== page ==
History still means a lot in legendary SUV line
Automotive writers are a fickle bunch.
Just last September, members of the Northwest Automotive Press Association gathered in rural southern Washington for the organization's 16th Annual Sport Utility Vehicle Competition, otherwise known as Mudfest. After testing 20 vehicles submitted by various manufacturers, the 2010 Range Rover Supercharged was named SUV of the Year.
The group held its 2011 competition in rural Washington in late March. This time the new Jeep Grand Cherokee was named SUV of the Year.
The funny thing is, virtually identical version of the same vehicles competed last year, too. So why the different result?
Maybe it was because a few different members showed up. Maybe it was because the test tracks outside Vancouver and Snoqualmie varied from one another. Or maybe after six more months, the new Grand Cherokee just seems fresher than the Range Rover Sport, which debuted six years ago - an eternity in the fast-changing SUV world these days.
For Range Rover fans, the lack of change is a good thing. The vehicle was developed when Ford owned land Rover, the parent company. It was sold to Tata Motors of India in 2008. But despite making the cheapest car in the world, Tata has maintained the high standards that Ford infused into the former British icon. The 2011 Range Rover still boasts a rock sold ride, luxurious interior, programmable all-wheel-drive system and powerful 5.0-liter V8. It produces 375 horsepower in normally aspirated form or 510 horsepower in the supercharged version.
But, as the 2011 Mudfest results show, Jeep has changed with the times and learned from competitors like land Rover, too. The new Cherokee is also well built, with a firm suspension and available 360-horsepower HEMI V8. It is also comes with an programmable all-wheel-drive system that easily adjusts for dry pavement, heavy rain and snow, sand and rocky terrain.
But the Range Rover still has many virtues, and you don't need to go off road to find them. I drove a new one up I-5 from Portland to just outside Snoqualmie for this year's Mudfest. It poured rain the entire time, greatly reducing visibility. The freeway was packed with large, fast-moving tractor-trailers that threw up sheets of water in their wakes, making it even harder to see.
Despite the conditions, I felt safe and secure in the Range Rover Sport. The ride was stable at all times. The all-wheel-drive system kept me glued to the freeway. The base V8 had plenty of power for me to pass long lines of tractor-trailers on steep hills. And the soft but supportive front bucket seat left me feeling relaxed at the end of the trip.
Another plus is the Range Rover Sport's distinctive styling. Updated this year with a more aerodynamic front end revised taillamps and a new rear bumper, it is still instantly recognizable as the most recent addition to the long Rover line. Just seeing it in a parking lot is enough to bring a smile to your face. In contrast the new Jeep Cherokee is so conservatively styled that it fades into the background (although the coming SRT8 version with its larger air dam and massive five spoke wheels should overcome that).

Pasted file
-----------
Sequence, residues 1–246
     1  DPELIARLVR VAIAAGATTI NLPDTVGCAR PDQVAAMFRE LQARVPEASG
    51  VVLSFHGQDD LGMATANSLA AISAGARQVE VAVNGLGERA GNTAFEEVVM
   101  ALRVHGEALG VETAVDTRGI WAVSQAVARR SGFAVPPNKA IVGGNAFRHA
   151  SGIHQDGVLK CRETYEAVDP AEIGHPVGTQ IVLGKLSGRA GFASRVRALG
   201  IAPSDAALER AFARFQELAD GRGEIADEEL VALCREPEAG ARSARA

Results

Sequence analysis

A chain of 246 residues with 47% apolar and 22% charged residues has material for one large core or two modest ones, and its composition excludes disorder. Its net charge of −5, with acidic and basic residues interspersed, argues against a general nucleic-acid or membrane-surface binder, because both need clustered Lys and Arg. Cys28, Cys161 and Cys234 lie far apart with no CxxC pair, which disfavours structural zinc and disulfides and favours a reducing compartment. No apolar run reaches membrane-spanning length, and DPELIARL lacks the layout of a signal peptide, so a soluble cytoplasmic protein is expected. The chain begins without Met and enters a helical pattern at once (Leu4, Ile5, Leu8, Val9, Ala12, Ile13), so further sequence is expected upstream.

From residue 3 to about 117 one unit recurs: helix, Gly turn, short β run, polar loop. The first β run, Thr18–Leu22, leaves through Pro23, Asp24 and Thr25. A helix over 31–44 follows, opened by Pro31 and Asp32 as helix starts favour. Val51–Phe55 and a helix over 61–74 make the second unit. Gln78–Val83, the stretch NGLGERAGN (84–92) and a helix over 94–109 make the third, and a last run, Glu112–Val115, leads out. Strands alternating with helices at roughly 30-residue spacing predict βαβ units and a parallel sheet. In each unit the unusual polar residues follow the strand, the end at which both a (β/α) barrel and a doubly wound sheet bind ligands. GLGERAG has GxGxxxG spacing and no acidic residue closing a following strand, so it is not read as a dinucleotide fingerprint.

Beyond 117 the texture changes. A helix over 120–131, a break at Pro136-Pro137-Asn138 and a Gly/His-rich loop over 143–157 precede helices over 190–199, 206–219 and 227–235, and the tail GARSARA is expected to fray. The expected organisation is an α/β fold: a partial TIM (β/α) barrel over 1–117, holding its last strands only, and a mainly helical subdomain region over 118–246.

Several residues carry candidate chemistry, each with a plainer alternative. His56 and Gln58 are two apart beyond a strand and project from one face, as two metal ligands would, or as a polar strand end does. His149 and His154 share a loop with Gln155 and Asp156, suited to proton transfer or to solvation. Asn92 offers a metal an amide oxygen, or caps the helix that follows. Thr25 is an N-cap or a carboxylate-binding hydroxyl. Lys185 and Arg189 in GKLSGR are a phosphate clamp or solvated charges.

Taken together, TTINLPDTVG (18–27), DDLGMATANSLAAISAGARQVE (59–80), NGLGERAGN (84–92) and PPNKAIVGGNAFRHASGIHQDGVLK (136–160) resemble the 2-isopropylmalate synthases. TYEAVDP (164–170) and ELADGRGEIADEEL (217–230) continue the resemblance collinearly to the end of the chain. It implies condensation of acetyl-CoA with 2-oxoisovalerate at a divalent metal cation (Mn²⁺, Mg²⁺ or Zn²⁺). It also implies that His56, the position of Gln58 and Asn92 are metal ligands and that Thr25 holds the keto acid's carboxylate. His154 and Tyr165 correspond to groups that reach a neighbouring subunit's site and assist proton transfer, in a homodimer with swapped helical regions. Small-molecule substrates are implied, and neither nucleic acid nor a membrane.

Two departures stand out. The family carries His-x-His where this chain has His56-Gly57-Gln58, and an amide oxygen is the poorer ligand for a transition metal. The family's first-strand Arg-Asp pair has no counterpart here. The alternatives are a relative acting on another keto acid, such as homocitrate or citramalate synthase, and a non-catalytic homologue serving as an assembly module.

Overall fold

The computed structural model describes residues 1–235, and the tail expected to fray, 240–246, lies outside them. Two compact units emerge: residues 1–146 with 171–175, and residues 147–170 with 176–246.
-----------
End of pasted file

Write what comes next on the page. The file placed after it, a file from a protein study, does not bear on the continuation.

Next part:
All Rover models now include the company's patented Terrain Response system, which first debuted on the discontinued Discovery It allows the driver to adjust the chassis and transmission settings to different terrains. Five settings are available through a rotary knob on the center console. They include: general driving; grass, gravel, snow; mud and ruts; sand; and rock crawl.
The system works by manipulating suspension ride height, engine management, throttle mapping, transfer case ranges, transmission settings, and electronic driving aids, including electronic traction control (ETC), dynamic stability control (DSC) and hill descent control (HDC). Range Rover Sports are also equipped with a standard electronically-operated differential system that locks, unlocks and allocates torque through a multi-plate clutch pack located in the transfer case. A rear electroncially-operated differential is also available.
The result allows the Range Rover Sport to go just about anywhere. Although most owners will never come close to using their vehicle at its limits, the fact that such technology is available to the buying public is remarkable.
It comes at a price, of course. The 2011 Range Rover Sport starts at around $60,000. Our test model with the premium audio and luxury interior packages topped $67,000. For those on a tighter budget, the smaller LR2 offers the same off-road abilities started at under $36,000.
Other 2011 Mudfest winners are: Kia Sportage turbocharged, Best Affordable SUV; Ford Explorer, Best Family SUV; Volvo CX90, Best Luxury SUV; and Jeep Grand Cherokee, Best Off-Road SUV.
Facts and figures
• Model: 2011 Range Rover Sport HSE.
• Manufacturer: Tata Motors.
• Class: Premium full-size SUV.
• Layout: Front engine, all-wheel-drive.
• Style: Five-door liftback.
• Engines: 5.0-liter V8 (375 hp, 375 ft-lbs).
• Transmissions: 6-speed automatic with manual shift mode.
• EPA estimated city/highway mileage: 13/18.
• Price: Beginning at approximately $60,000 ($69,495 as tested).